A: In 1957, when the Soviet Union launched the world’s first artificial satellite, I was inspired to draw a cartoon. The point of the cartoon was that the United States was asleep at the wheel where space exploration was concerned. I did a cartoon making that point and the Stars and Stripes turned it down. It made me a little upset, so I took it downtown in Tokyo to the Japan Times, which was an English language newspaper—and  I sold it to them. They agreed to pay me $10 a cartoon if I drew one or two a week. I did it under an assumed name, but I used my middle name of Willard and signed it Willard. For a glorious couple of weeks I drew cartoons and got paid for it. My first job where I was paid a weekly salary to draw cartoons was at the Greensboro Daily News.

Q: You started your career during the Eisenhower administration. What was that like?

A: I was at the tail end of the Eisenhower administration. He was finishing up his term and John Kennedy was on the rise. I did a few cartoons of Eisenhower, but not a lot. The major change for me was when John Kennedy was elected president. I went through that campaign when he ran against Richard Nixon. Later, I was in Washington for Kennedy’s State of the Union speech, I think it was 1960, and I got a personal meeting with him inside the Oval Office. Press Secretary Pierre Salinger was very friendly to me. Evelyn Lincoln, Kennedy’s secretary, had been in contact with me because the President apparently liked the cartoons I did. They didn’t have a press room back then, so Kennedy held a press conference in the Oval Office, with everyone packed into the room shoulder to shoulder.  After the press conference, I was about to leave and Salinger told me that Kennedy wanted to see me. I didn’t believe him, but it was true. I had about fifteen or twenty minutes with the President. It was interesting to see a working White House. It had a white shirt,  button-down collar youthful feel it. It was very impressive. You readily sensed there was a new era with the Kennedy administration.

Q: How has American politics changed over the years since that time?

A: The main difference is that there is not the professionalism today that there was when I first started drawing in the Sixties. We have been on a path for a long time where the ethics and behavior of politicians has been a fairly low-grade effort in governing this country. The extremism of the early Sixties and the nomination of Barry Goldwater in 1964 really set us on the path where we were headed toward electing someone like Donald Trump. The real tragedy to me about the Trump Administration is that it has corrupted the national conversation of this country—facts, truth, it has all gone down the tubes. Someone is going to have to shine a light on ethics. I have a friend who is a former TWA pilot, not an unintelligent person, and I am amazed at things he will sponsor on the internet, things like Obama with a bone through his nose.

Q: What do you see for the future of political cartoonists?

A: Newspapers, sadly, are dinosaurs in the tar pits. Newspapers once were important and they had information in them. What really is sad is that the influence of bright thinkers like Walter Lippmann has disappeared from the scene, so that now the influence is with pontification on the opinion programs on TV.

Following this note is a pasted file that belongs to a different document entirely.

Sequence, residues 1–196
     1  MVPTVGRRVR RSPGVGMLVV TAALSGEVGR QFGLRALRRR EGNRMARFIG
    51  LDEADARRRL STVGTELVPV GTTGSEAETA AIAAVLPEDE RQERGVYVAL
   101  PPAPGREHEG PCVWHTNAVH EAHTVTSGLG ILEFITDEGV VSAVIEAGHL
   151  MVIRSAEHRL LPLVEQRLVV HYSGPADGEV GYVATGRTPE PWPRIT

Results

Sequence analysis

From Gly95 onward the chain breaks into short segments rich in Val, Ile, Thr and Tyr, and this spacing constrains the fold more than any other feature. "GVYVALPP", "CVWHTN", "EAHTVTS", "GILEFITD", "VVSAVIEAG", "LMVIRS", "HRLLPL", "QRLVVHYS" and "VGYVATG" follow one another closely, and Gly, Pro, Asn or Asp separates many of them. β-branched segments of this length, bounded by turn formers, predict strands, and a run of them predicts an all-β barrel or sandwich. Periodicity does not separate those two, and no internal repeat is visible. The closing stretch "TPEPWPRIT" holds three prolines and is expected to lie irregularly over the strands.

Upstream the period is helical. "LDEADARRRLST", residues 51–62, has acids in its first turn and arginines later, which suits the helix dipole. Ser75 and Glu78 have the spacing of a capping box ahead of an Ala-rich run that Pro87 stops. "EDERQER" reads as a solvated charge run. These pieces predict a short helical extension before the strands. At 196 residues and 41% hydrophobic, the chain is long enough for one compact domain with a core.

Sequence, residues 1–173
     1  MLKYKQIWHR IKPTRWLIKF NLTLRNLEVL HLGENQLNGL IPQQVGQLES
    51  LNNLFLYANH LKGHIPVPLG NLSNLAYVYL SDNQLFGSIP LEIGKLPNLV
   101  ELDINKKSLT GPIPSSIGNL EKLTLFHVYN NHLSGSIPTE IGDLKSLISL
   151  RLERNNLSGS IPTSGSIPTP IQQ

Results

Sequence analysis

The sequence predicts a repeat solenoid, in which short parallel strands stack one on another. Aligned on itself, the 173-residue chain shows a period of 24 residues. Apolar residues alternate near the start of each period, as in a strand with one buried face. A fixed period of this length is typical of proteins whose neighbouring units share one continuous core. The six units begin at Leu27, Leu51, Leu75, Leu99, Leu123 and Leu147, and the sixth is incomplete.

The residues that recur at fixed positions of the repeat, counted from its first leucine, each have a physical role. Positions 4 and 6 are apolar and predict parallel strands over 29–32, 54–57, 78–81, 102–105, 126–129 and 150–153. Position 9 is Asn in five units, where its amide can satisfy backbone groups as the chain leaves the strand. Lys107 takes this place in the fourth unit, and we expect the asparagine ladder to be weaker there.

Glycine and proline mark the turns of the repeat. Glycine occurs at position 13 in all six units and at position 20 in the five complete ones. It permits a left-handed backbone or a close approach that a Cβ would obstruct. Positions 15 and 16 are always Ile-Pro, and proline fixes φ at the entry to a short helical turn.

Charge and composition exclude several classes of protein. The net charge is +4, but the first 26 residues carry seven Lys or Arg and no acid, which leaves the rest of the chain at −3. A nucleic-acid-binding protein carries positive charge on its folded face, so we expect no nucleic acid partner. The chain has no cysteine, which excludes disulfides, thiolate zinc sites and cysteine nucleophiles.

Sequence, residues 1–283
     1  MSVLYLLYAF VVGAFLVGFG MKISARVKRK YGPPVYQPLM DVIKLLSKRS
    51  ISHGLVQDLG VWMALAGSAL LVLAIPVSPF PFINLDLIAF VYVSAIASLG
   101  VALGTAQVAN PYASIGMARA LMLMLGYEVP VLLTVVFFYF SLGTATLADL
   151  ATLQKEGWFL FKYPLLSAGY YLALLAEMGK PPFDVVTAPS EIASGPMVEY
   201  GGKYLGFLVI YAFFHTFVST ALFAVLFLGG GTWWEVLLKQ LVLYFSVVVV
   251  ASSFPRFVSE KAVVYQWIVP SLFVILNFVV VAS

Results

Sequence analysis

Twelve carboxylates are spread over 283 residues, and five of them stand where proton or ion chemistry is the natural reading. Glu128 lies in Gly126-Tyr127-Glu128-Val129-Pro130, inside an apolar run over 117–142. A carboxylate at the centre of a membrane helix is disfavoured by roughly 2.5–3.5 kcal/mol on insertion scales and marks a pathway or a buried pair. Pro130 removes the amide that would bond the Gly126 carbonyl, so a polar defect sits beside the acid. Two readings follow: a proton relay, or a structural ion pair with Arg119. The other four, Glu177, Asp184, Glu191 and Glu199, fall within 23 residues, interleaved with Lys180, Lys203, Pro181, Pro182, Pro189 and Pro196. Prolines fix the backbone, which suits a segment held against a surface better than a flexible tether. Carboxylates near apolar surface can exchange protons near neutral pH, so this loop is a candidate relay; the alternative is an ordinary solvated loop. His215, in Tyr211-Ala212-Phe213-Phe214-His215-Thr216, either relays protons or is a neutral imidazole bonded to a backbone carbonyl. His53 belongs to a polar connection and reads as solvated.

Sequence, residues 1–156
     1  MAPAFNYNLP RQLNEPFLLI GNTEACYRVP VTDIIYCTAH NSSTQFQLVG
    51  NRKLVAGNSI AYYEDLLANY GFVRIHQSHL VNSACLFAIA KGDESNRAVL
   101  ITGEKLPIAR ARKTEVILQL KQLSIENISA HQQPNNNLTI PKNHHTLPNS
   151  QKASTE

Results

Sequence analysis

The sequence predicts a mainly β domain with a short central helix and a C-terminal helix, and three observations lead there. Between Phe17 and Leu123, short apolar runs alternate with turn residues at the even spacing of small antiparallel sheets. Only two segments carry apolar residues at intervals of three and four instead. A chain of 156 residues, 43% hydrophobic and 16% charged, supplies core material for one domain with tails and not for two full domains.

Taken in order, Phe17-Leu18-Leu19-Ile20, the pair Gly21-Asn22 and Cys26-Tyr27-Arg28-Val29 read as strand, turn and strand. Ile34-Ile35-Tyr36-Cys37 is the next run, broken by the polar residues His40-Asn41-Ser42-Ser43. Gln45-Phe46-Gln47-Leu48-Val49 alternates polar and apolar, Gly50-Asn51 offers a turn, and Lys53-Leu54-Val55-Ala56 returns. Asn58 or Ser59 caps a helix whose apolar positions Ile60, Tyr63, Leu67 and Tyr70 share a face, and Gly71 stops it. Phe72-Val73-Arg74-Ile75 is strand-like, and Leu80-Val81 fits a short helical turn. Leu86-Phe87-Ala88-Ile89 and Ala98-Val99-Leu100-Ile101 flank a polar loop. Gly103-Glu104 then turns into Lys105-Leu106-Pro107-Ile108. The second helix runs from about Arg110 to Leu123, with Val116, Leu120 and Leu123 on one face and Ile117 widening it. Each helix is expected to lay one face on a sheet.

I recently came across a box that has a half dozen Jackson (MS) newspapers in it from the era of Ross Barnett standing in the door and the riots [at Ole Miss]. It is amazing to read news stories absolutely suggesting that the riots we saw on television never happened. I could not believe it.

It is a really different world for political cartooning; it has really gone down the tubes. Cartoonists are not only dinosaurs in the tar pits, they have lost their jobs and you are talking about some really good cartoonists who have been relieved of their duties. Major newspapers no longer want to pay their salary . . . I don’t know where there will be a spot on the Internet for cartoonists, or writers.

Ace Atkins

Your just released book, the Quinn Colson novel, The Sinners, is out this month. If you were making a High Concept pitch to a movie company in four sentences or less, how would you describe the novel?

I would say it is like a PG-13 version of the Andy Griffith show. That’s how I would talk it up to movie executives. It is a story about a small town sheriff. It is definitely a grittier world than Mayberry. But about an honest man trying to make his way in a corrupt world.

Q: What was the seed that got you started on the book?
A: The seed was years ago—I have been writing Quinn Colson stories for eight years now—and I got an idea around 2009. My publisher, Putnam, asked if I would like to write a series. And if I would write about a recurring character. This was at a time when the war was starting to wind down and veterans were returning home from Iraq and Afghanistan. They are coming back to work at Home Depot, or whatever, and law enforcement. I had the idea of what it would be like for someone who had been at war for 10 years and then returned his hometown. Once I had that idea that was pretty much the whole series.
Q: You seem to put a lot of effort in researching your novels? What’s the best time you ever had researching a book?